National Audit Office Press Releases
Digital transformation in the NHS
This report was prepared before the Coronavirus pandemic. We recognise that the Department of Health and Social Care and the NHS have unprecedented operational priorities to deal with, and we have agreed with them to publish this report because it contains valuable information that will remain relevant and help with digital transformation in the NHS in the longer-term.
Progress in transforming digital services in the NHS has been slower than expected. Today’s report by the National Audit Office has found that recent investment in digital transformation has been inadequate, and it is uncertain whether current funding will be sufficient to meet the government’s ambitions because plans are based on very limited cost data.
Improving digital services in the NHS and implementing new ways of working is a huge challenge, and the previous attempt to do this, between 2002 and 2011, was both expensive and largely unsuccessful. The Digital Transformation Portfolio (the Portfolio) was launched to deliver the NHS’s 2014 digital strategy. This strategy and the Portfolio are now being updated and a new unit, NHSX, has been set up to lead digital transformation in the NHS.
Changing digital transformation strategies for the NHS have made achieving current objectives more challenging. NHS services rely on a vast array of IT systems, many of which are aged, ‘legacy’ IT. National strategies have moved between centrally-managed and ‘hands-off’ approaches, which has increased the number of legacy systems.
There has not been enough investment in digital transformation to meet the government’s ambitions. Government committed £4.7 billion to deliver the Portfolio from 2016-17 to 2020-21. NHS England & NHS Improvement (NHSE&I) acknowledged that this funding was not enough to deliver everything, but felt it was enough to make a good start and thereby make the case for additional funding. At a local level, NHS trusts’ and foundation trusts’ (trusts’) expenditure on IT varies widely and collectively less than 2% of their expenditure is on technology, compared with a recommended 5%.
Current digital transformation plans are based on very limited cost data, and it is uncertain that planned funding will be sufficient. NHSE&I estimates that up to £8.1 billion will be needed between 2019-20 and 2023-24: £5.1 billion from national bodies (2019-20 to 2023-24) and £3 billion from trusts (2019-20 to 2028-29, with the majority in the first five years). However, its plans are based on very limited data, it is uncertain that planned funding will be sufficient, and there is a significant risk that trusts will be unwilling or unable to fund the £3 billion.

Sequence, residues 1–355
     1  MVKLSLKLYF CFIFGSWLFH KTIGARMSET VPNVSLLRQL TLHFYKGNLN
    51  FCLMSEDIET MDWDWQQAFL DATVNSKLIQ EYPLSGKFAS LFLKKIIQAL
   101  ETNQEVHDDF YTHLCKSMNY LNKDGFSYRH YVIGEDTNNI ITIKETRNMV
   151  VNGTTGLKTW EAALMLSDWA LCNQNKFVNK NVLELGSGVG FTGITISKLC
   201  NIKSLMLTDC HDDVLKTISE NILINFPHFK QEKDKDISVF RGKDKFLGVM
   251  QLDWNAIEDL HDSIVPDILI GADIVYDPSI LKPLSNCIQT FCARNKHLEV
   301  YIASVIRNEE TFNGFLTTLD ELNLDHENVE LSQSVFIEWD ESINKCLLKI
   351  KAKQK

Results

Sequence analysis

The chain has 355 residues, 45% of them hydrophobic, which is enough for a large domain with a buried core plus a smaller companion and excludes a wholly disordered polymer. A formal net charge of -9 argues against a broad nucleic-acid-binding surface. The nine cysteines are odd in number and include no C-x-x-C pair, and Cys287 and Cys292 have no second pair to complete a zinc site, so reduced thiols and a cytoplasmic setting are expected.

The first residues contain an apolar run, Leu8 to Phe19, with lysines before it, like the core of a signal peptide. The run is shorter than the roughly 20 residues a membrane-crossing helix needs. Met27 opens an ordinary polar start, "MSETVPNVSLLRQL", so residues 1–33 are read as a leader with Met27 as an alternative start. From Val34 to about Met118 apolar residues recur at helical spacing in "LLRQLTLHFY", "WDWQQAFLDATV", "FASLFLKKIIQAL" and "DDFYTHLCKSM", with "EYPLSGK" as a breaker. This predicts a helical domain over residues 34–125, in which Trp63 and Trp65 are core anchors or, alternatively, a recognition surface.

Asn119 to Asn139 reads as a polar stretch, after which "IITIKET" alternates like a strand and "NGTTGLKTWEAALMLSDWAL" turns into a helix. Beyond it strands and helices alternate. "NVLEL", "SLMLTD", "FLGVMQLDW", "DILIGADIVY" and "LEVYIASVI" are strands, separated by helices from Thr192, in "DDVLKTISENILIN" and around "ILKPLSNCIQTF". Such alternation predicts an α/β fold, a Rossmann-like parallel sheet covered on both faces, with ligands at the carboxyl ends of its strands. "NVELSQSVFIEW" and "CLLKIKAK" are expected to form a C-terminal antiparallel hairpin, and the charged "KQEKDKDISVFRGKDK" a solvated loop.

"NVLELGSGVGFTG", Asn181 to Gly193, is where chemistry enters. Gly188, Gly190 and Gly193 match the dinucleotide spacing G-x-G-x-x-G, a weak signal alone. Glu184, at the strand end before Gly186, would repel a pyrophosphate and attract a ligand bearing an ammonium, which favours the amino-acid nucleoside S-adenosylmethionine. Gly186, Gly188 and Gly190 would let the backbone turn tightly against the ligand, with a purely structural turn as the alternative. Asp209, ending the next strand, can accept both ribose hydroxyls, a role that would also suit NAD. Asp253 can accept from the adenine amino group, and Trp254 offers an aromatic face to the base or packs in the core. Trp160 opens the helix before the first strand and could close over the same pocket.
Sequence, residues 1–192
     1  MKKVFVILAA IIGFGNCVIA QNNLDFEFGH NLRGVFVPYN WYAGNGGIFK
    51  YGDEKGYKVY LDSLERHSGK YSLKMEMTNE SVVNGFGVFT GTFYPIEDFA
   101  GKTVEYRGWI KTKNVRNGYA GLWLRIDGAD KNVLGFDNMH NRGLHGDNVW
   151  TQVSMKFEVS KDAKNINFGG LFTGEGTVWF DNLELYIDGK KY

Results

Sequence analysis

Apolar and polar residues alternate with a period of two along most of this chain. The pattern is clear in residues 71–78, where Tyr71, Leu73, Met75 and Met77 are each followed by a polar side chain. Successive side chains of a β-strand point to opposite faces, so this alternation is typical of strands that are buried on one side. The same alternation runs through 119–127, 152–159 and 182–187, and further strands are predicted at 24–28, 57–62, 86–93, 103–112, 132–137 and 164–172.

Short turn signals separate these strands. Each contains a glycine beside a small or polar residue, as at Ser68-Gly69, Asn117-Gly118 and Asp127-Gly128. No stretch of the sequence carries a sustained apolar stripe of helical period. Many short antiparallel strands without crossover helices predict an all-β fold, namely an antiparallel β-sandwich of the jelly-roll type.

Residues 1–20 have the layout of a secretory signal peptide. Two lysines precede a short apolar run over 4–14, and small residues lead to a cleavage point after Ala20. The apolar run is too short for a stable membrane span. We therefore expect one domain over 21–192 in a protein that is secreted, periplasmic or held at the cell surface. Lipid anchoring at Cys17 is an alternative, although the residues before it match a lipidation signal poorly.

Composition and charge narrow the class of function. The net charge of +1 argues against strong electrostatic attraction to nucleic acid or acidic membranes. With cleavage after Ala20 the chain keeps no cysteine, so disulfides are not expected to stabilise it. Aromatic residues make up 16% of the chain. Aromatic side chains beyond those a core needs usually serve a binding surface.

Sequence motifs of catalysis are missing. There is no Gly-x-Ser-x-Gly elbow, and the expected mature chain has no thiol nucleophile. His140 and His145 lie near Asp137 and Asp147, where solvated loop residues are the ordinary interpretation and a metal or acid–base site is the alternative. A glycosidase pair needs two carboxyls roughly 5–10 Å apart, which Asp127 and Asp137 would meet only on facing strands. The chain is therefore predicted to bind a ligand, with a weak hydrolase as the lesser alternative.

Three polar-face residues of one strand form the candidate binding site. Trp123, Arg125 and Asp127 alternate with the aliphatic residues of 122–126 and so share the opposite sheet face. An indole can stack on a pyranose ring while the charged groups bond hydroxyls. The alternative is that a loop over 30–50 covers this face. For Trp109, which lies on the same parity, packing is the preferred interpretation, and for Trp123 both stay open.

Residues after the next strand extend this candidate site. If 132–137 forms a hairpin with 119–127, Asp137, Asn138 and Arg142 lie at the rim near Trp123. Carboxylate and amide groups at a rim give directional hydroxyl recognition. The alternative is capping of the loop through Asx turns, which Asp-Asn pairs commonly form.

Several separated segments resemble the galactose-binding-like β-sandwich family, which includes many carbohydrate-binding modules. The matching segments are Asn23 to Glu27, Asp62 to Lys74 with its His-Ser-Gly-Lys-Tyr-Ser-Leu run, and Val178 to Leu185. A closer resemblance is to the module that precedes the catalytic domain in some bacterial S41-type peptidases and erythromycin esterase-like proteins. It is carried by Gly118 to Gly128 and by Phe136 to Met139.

Arrangements for managing digital transformation at a national level remain confused, despite attempts to clarify them, and national oversight of local bodies is still being developed. The Department of Health and Social Care (the Department) set up NHSX in July 2019 to lead digital transformation, but governance arrangements have still not been finalised and NHSX does not have a statutory basis. Digital transformation is essential to the NHS’s Long-Term Plan to improve services and roll out digitally-enabled care, but there is no plan setting out how this will be achieved in clear detail. NHSX intends to publish a comprehensive technology plan for health and care in autumn 2020.
Trusts’ digital maturity has improved, although significant challenges remain. In 2017, 83% of trusts assessed their ability to plan and use digital services as high, compared with 65% in 2016. However, digital capability (the use of technology to deliver care) remains a major challenge. Only 54% of trusts reported that staff can rely on digital records for information they need when they need it.